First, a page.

We may think we’re looking for things we buy when we go shopping, but what we really want is an experience. So says Rob Spanier, partner and principal of LiveWorkLearnPlay, a retail consultancy that has completed projects across Canada and the U.S.
The implications for cities and the people who build them, including condo developers, are significant. “Experiences are found everywhere,” he explains. “What’s required is a steadfast commitment to place-making.”
The key to place-making, says the Toronto-based expert, is mixed-use. Not the sort of half-hearted, default retail implemented by many local developers — the Tim Hortons, Shoppers Drug Mart and maybe a bank branch — but what Spanier calls a “curated” selection of shops chosen to complement the neighbourhood, street and even the building in which they are located.
The right balance
As he also points out, these sought-after experiences can be found in downtown precincts as well as suburban malls. The trick lies in finding the right balance.
“People are looking for variety of uses,” he says, “a mix of retail that also gives them experiences they can enjoy.” Even downtown Toronto’s subterranean PATH system now includes grocery stores, Spanier notes, enhancing the meagre pleasures of the food court and its fast-food outlets.
“I think experiential retail is critical to the success of place-making and of the city,” he continues. “The nice thing about Toronto is that there are so many great neighbourhoods.
“In the last decade, Toronto has seen a retail renaissance. We’re seeing the second and third generation of immigrants bringing their culture to life in the city. A great example is the food movement that has emerged in Toronto. I include restaurants in retail. Food brings people together. It’s not about that fancy meal. It’s not about the price point. Again, it’s about experience.”
Spanier uses the example of the “food hall,” which is slowly taking over from the traditional food court. Rather than generic space filled with instantly familiar, heavily advertised national brands, food halls typically offer a range of small operators, each with its own speciality — thin-crust pizzas and Asian-French fusion, to craft beer and gourmet burgers.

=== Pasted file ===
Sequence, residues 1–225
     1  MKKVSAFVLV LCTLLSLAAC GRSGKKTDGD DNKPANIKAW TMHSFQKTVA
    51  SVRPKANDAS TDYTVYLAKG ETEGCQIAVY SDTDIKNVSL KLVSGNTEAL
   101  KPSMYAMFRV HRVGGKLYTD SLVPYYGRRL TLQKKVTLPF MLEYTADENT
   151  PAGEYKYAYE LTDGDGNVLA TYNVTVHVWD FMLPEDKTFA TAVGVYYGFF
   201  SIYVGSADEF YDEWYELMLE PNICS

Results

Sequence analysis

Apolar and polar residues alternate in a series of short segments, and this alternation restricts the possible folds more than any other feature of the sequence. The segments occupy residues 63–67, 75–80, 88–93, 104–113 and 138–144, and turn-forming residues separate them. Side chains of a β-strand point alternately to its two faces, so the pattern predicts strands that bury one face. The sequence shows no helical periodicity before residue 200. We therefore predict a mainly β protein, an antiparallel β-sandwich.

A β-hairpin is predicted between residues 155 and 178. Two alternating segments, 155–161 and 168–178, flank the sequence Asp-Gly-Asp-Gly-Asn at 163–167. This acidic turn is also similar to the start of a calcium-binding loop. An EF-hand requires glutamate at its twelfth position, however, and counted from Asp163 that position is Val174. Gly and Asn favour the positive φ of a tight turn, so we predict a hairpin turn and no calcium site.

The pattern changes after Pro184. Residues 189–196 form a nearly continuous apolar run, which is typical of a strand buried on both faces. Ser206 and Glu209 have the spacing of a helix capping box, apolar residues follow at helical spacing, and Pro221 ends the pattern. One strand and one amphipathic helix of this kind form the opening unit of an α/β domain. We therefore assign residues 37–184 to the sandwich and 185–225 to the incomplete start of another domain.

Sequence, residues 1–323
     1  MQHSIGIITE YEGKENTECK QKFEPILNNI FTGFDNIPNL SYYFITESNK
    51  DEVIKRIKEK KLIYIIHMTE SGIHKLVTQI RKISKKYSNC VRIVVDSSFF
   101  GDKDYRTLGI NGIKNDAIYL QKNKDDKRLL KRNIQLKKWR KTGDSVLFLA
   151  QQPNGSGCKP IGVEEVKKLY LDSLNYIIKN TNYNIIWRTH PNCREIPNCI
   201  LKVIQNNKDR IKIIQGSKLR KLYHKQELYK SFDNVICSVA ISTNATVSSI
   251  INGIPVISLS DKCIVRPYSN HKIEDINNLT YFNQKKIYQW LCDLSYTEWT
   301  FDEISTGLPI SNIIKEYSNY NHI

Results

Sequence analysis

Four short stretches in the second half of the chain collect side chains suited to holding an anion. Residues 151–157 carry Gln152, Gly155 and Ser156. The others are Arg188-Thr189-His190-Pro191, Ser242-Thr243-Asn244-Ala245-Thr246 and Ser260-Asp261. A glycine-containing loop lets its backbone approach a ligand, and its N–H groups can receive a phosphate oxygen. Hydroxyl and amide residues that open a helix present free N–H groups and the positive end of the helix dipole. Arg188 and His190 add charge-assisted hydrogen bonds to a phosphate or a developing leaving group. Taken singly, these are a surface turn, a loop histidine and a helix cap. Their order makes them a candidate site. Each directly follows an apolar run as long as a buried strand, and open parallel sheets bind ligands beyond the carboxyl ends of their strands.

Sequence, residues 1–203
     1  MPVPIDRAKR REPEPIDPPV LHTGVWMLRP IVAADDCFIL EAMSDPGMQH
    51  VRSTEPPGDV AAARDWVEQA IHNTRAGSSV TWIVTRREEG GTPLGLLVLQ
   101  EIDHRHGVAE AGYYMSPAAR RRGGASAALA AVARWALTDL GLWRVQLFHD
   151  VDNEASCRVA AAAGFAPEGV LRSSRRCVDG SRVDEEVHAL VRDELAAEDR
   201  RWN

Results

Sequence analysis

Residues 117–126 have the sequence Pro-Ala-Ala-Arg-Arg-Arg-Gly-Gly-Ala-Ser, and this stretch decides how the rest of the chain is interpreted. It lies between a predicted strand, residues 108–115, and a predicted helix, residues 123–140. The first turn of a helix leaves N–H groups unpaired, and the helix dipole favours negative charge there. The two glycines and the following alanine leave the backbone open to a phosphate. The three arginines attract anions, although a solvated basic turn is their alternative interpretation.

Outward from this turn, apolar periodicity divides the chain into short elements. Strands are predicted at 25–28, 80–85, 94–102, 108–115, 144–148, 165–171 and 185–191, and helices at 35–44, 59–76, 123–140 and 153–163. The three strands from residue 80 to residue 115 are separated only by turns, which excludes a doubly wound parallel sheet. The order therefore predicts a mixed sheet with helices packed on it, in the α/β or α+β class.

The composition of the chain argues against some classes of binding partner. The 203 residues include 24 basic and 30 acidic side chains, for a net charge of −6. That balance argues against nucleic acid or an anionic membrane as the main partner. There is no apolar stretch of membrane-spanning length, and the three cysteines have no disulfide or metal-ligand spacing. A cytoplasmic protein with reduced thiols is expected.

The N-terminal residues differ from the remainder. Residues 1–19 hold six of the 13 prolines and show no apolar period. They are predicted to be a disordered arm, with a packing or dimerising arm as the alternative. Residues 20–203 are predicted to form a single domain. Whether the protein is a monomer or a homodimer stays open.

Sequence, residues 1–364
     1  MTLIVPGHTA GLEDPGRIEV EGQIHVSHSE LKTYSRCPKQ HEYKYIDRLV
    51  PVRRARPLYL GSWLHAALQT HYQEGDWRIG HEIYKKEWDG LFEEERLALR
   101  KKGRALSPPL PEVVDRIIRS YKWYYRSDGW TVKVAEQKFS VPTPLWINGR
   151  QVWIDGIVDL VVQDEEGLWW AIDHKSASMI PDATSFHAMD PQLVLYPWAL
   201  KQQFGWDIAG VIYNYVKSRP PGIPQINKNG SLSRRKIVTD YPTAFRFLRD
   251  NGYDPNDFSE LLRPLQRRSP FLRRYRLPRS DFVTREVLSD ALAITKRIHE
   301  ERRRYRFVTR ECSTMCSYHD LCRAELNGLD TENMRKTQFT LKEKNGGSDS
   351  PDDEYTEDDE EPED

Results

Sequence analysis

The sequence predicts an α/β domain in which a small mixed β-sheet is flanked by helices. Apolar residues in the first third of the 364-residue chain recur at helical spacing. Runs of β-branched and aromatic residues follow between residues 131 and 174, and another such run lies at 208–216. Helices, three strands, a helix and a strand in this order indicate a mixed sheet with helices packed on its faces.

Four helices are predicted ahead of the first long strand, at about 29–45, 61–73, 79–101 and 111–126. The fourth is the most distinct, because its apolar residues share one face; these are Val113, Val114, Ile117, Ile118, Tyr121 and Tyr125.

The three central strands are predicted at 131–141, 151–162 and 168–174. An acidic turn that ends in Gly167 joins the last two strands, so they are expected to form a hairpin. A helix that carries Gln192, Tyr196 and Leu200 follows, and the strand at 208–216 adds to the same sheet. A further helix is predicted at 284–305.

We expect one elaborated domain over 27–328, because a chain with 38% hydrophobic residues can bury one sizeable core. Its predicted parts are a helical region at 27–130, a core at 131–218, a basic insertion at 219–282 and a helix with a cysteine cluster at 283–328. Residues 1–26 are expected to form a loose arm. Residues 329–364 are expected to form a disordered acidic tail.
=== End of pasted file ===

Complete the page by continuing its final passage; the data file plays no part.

Though Toronto doesn’t yet have a full-fledged food hall, Spanier says there are four or five in the works. “I believe in independents,” he makes clear. “They are what make retail unique. It’s mall-based retailers that are having difficulty.”
For the condo industry, the lessons are clear; great retail means going beyond the same old, same old. The usual outlets — those corporate tenants chosen to suit developers’ needs — no longer suffice.
According to Spanier, the critical issue is what happens on the ground floor. That’s not just where a building meets the street, but also where it connects with the city. It’s also where retail is located and if not done properly, it can end up a waste of space.
“Life unfolds on the street,” he says. “That’s why we have a chance if we get the ground floor right. What makes Toronto’s neighbourhoods really special is that they include retail. The projects that work are those that incorporate all these qualities — home, office and public space. Public space is a fundamental component of urban life.”
Though some malls continue to thrive — Spanier mentions Yorkdale Shopping Centre — their success depends on their ability to replicate the qualities of the city.
What’s important is an understanding of the relationship between retail, space and experience. In other words, mall design is more crucial than ever. Also required are “catalytic anchors” and a sense of interior activation.
By contrast, when LiveWorkLearnPlay helped select the retail component of the Canary District in the West Don Lands, it focused on outlets that picked up on the characteristics of the still incomplete neighbourhood. The Running Room, for example, complements the presence of the Cooper Koo Family YMCA on nearby Cherry Street.
The connection may be obvious, but Spanier’s message is that the starting point for such decisions must be the residents — they are the customers who will (or won’t) spend their money in local stores — not just what’s in the developer’s immediate economic self-interest.
For any developer in business for the long term, the ultimate goal has to be the creation of complete neighbourhoods, not simply one-off buildings.
After all, a growing, thriving, prosperous city is the development industry’s best friend. In Toronto, where growth has been one long upward curve, it’s easy to take that for granted.
But one doesn’t have to look far to see cities that have had to struggle to survive. The example closest to Toronto is Buffalo, which might finally have turned things around after decades of decline. No one likes to think of it; but it is a reminder that no city is too big to fail.